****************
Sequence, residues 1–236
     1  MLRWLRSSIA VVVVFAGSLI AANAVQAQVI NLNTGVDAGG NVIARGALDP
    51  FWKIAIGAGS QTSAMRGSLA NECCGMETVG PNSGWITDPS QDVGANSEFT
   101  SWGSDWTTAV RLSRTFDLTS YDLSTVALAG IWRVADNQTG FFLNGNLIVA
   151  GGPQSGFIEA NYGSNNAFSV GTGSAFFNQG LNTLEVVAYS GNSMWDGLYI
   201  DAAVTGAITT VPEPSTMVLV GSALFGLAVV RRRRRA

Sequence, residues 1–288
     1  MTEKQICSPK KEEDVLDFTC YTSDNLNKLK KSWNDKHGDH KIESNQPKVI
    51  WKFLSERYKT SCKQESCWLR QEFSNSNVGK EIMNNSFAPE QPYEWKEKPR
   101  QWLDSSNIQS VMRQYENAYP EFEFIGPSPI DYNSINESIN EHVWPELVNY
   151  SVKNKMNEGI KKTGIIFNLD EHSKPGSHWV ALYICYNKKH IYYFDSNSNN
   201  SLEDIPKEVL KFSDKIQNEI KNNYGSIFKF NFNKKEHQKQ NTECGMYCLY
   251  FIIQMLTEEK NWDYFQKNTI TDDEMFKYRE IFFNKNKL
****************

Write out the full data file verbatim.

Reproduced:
Sequence, residues 1–236
     1  MLRWLRSSIA VVVVFAGSLI AANAVQAQVI NLNTGVDAGG NVIARGALDP
    51  FWKIAIGAGS QTSAMRGSLA NECCGMETVG PNSGWITDPS QDVGANSEFT
   101  SWGSDWTTAV RLSRTFDLTS YDLSTVALAG IWRVADNQTG FFLNGNLIVA
   151  GGPQSGFIEA NYGSNNAFSV GTGSAFFNQG LNTLEVVAYS GNSMWDGLYI
   201  DAAVTGAITT VPEPSTMVLV GSALFGLAVV RRRRRA

Sequence, residues 1–288
     1  MTEKQICSPK KEEDVLDFTC YTSDNLNKLK KSWNDKHGDH KIESNQPKVI
    51  WKFLSERYKT SCKQESCWLR QEFSNSNVGK EIMNNSFAPE QPYEWKEKPR
   101  QWLDSSNIQS VMRQYENAYP EFEFIGPSPI DYNSINESIN EHVWPELVNY
   151  SVKNKMNEGI KKTGIIFNLD EHSKPGSHWV ALYICYNKKH IYYFDSNSNN
   201  SLEDIPKEVL KFSDKIQNEI KNNYGSIFKF NFNKKEHQKQ NTECGMYCLY
   251  FIIQMLTEEK NWDYFQKNTI TDDEMFKYRE IFFNKNKL